| Parshah |

Parshas Ki Sisa: Solution Evolution

We praise Hashem for His unique ability to repair everything


“And the nation saw that Moshe was late coming down from the mountain, and the nation gathered against Aharon and said to him, ‘Get up! Make us gods that will go before us….’” (Shemos 32:1)


Amere 40 days after accepting the Torah, Am Yisrael committed the worst sin in our national history: making and worshipping a golden calf. What was the immediate cause of Cheit Ha’eigel? Rashi writes that when Moshe didn’t return at the time they expected, Klal Yisrael erroneously concluded that he’d died, leaving them distraught and confused about who would lead them.
Rabbi Dr. Yaakov Greenwald, a renowned psychologist in Monsey, wrote a book called Eitzos V’Hadrachos containing advice he received from the Steipler. In it, he discusses common mistakes that people make, one of which is the attitude that for every challenge a person confronts, he feels there must be an immediate clear resolution. He’s perturbed not only by the actual problem, but also by his inability to respond.
Such was the case with Klal Yisrael. The proper response, writes Rabbi Greenwald, would’ve been to wait patiently to assess the situation and rationally determine the best course of action. Had they slept on it, the issue would’ve resolved itself when Moshe returned the following day. However, they felt such a burning, pressing need for immediate action that they opted for an ill-fated plan that changed the course of history (Rabbi Ozer Alport, Parsha Potpourri).

Years ago, I took a parenting workshop for young mothers. At the first session, the leader handed out a questionnaire to help us better identify our strengths and weaknesses. One question was: Are you able to solutionize? Me? Solutions? Sure! I love finding solutions!

Cranky two-year-old? Put him to bed early.

Five-year-old doesn’t want to brush her teeth? Sticker chart with shiny stars and an electric toothbrush as a bonus.

Solutions were easy for a creative, out-of-the-box personality like myself. I could patent them and make a business of it: Solutions&Resolutions@faigy.com.

We, too, have a tendency to feel we must immediately solve all our problems. This galvanizes us into making bad choices that compound the original situation and often make it worse.
Rav Yisroel Reisman notes that we often find that the Gemara raises a difficulty with no apparent resolution. Yet the Gemara moves on, as Chazal understood that not every question has an easy answer.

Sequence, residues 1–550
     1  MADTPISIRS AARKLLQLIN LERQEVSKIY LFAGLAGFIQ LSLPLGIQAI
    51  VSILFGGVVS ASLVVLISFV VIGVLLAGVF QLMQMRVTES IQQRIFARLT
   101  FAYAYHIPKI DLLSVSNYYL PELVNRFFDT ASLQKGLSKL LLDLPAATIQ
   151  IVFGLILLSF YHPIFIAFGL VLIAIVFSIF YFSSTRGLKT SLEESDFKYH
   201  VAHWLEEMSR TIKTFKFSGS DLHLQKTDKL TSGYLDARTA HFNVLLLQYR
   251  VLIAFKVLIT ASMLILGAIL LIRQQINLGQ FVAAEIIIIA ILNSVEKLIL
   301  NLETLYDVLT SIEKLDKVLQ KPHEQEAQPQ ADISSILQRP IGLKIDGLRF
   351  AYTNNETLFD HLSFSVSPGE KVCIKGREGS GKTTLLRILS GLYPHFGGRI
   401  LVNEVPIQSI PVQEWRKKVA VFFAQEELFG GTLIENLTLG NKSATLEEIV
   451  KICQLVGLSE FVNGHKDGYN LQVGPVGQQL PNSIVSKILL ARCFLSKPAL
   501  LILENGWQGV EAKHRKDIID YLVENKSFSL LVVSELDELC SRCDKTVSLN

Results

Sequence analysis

Similarly, when we find ourselves in challenging situations where the correct response is unclear, rather than rashly trade one set of problems for a new set, we should mentally acknowledge the difficulty, but give ourselves time to assess the issue calmly and rationally, rather than feeling compelled to rush and make an immediate decision that we’ll likely regret.

I remember when my five-year-old was petrified of Purim. The problem? All the Haman effigies that people hung out their windows — and in Yerushalayim there were many. The solution? We created our own Haman, scarecrow style, with a sheitel head and the face drawn by that child. The fact that the Haman was now his own creation took away his fear, and Purim became joyous to him again.

So when I got the questionnaire, I checked off that box with gusto. I knew how to solutionize. No problem too big or too small.

In the first blessing of Shemoneh Esreh, we refer to Hashem as “Koneh hakol, Owner of everything.” However, the Vilna Gaon writes that the word koneh is also connected to the word mesaken, to fix. We praise Hashem for His unique ability to repair everything. We must internalize the concept that we may not have a good solution for every difficulty that we face, but rather than make it worse, we should leave it in the capable Hands of the Koneh Hakol.

Time goes on and problems keep coming. The issues facing me now involve teenagers, shidduchim, mothering marrieds, and grandmothering. Everything has become much more complicated than the quick fixes of my earlier years. Are the problems bigger? Or have I realized the depths of their complexity? All I know is that I’m much less confident to jump right in and solve everyone’s problems.

Grandson doesn’t want to go to school? Have you spoken to him? Do you know why? Is he scared?

Yeshivah gedolah choices? Should we ask a sh’eilah?

My answers have become questions, as I try to uncover the layers behind each challenge. The issues swirl around me, confusing me with their many facets and intricacies.

Time and again, I reach for my well-worn Tehillim. This solution remains foolproof.


 (Originally featured in Family First, Issue 883)

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